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# PERMUTATIONS AND COMBINATIONS-CONFUSION

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Manager
Joined: 17 Jul 2017
Posts: 193

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05 Apr 2019, 00:59
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Hi can anyone help me out?

Say i have to select a group of 2 students from 3 students ,so no of ways of doing it will be:
say A,B,C are students then
AB,BC,CA(since BA same as AB so not considered)
now if if go by combinations
3c1*2c1=6 ways
now here i divide by 2!
but i donot understand why are we diving by 2! as it is combinations only not permumations.please guide
@bunnel sayantanc2k
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Joined: 02 Sep 2009
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05 Apr 2019, 01:15
vanam52923 wrote:
Hi can anyone help me out?

Say i have to select a group of 2 students from 3 students ,so no of ways of doing it will be:
say A,B,C are students then
AB,BC,CA(since BA same as AB so not considered)
now if if go by combinations
3c1*2c1=6 ways
now here i divide by 2!
but i donot understand why are we diving by 2! as it is combinations only not permumations.please guide
@bunnel sayantanc2k

Choosing 2 out of 3, when the order does not matter, would simply be 3C2 = 3.

If you do 3 options for the first slot multiplied by 2 options for the second slot, then the result must be divided by 2!, to get rid of the duplication. Because 3*2 gives AB (selecting A for the first slot and B for the second slot) as well as BA (selecting B for the first slot and A for the second slot).
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Joined: 17 Jul 2017
Posts: 193

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05 Apr 2019, 01:27
Bunuel wrote:
vanam52923 wrote:
Hi can anyone help me out?

Say i have to select a group of 2 students from 3 students ,so no of ways of doing it will be:
say A,B,C are students then
AB,BC,CA(since BA same as AB so not considered)
now if if go by combinations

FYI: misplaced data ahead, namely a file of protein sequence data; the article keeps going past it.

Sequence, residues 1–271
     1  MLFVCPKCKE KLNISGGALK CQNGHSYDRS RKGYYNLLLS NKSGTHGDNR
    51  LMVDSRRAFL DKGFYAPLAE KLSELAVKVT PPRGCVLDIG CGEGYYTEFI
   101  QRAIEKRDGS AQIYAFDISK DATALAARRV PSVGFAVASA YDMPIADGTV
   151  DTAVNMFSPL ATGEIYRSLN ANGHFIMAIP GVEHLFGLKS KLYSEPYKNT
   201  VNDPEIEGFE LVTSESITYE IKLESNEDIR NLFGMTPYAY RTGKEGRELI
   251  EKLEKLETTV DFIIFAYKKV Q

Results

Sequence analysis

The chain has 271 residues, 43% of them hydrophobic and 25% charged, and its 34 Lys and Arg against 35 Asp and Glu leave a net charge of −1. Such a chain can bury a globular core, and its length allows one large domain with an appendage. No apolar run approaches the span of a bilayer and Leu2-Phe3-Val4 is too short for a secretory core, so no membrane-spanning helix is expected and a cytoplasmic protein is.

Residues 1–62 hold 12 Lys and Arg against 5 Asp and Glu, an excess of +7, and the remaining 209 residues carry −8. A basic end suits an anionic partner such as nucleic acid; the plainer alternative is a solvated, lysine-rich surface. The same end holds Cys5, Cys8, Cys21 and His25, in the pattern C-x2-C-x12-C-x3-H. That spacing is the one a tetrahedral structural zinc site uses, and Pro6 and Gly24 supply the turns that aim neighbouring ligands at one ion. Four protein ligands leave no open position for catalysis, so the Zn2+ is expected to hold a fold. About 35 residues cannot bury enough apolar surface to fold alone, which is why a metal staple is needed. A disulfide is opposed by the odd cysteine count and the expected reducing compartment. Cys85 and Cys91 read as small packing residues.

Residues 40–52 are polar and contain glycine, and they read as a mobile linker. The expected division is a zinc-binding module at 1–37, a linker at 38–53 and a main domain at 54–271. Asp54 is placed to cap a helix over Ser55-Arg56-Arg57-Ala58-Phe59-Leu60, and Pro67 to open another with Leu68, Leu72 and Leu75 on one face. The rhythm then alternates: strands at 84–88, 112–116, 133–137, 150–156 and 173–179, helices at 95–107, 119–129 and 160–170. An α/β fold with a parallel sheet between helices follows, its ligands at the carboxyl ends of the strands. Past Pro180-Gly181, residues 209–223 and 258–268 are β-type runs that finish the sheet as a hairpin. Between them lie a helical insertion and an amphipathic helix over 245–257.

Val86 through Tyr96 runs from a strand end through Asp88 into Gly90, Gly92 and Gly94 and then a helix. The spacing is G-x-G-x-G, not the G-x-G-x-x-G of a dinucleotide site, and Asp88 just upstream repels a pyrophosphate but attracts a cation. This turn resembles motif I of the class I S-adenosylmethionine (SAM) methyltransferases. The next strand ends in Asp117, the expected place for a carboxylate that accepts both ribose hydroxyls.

3c1*2c1=6 ways
now here i divide by 2!
but i donot understand why are we diving by 2! as it is combinations only not permumations.please guide
@bunnel sayantanc2k

Choosing 2 out of 3, when the order does not matter, would simply be 3C2 = 3.

If you do 3 options for the first slot multiplied by 2 options for the second slot, then the result must be divided by 2!, to get rid of the duplication. Because 3*2 gives AB (selecting A for the first slot and B for the second slot) as well as BA (selecting B for the first slot and A for the second slot).

thanks i understood but my qsn is
say i have 8 pairs of siblings and i have to form a group whcich contains 4 kids but no siblings together?
so here i will selct 16c1 * 14c1*12c1*14c1 so this is my all combinations
now i have to divide by 4! too .But why?
its not permuation,so why are we dividing
any how we are jus selecting not arramnging using 16c1 * 14c1*12c1*14c1
Intern
Joined: 05 Apr 2019
Posts: 4

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05 Apr 2019, 05:11
Bunuel THanks a lot, now I understood clearly..
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Joined: 24 Jun 2008
Posts: 1802

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06 Apr 2019, 15:04
vanam52923 wrote:
its not permuation,so why are we dividing

When something is a permutation, you never divide. If you're solving a permutation question, you're putting things in order: "In how many different orders can Amir, Betty and Carlos line up at a ticket window?" is a permutation problem. The answer is 3*2*1 = 6 (we do not divide by anything).

You only divide when the order of things does not matter. In general, if the order of k things doesn't matter, you can count by first pretending order does matter, then dividing by k! at the end. So in your siblings question, the order of the four siblings we choose does not matter -- we aren't picking, say, a President, a Vice-President, a Secretary and a Treasurer. Because the order of our 4 selections does not matter, we can first pretend it does -- we have 16 choices for the first sibling, 14 for the next, 12 for the next and 10 for the final one, so (16)(14)(12)(10) choices in total -- but we then need to divide by 4!, because the order of the four siblings is not supposed to be important.
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Joined: 05 Apr 2019
Posts: 4

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07 Apr 2019, 23:55
IanStewart wrote:
vanam52923 wrote:
its not permuation,so why are we dividing

When something is a permutation, you never divide. If you're solving a permutation question, you're putting things in order: "In how many different orders can Amir, Betty and Carlos line up at a ticket window?" is a permutation problem. The answer is 3*2*1 = 6 (we do not divide by anything).

You only divide when the order of things does not matter. In general, if the order of k things doesn't matter, you can count by first pretending order does matter, then dividing by k! at the end. So in your siblings question, the order of the four siblings we choose does not matter -- we aren't picking, say, a President, a Vice-President, a Secretary and a Treasurer. Because the order of our 4 selections does not matter, we can first pretend it does -- we have 16 choices for the first sibling, 14 for the next, 12 for the next and 10 for the final one, so (16)(14)(12)(10) choices in total -- but we then need to divide by 4!, because the order of the four siblings is not supposed to be important.

IanStewart Great explanation..!
Re: PERMUTATIONS AND COMBINATIONS-CONFUSION   [#permalink] 07 Apr 2019, 23:55
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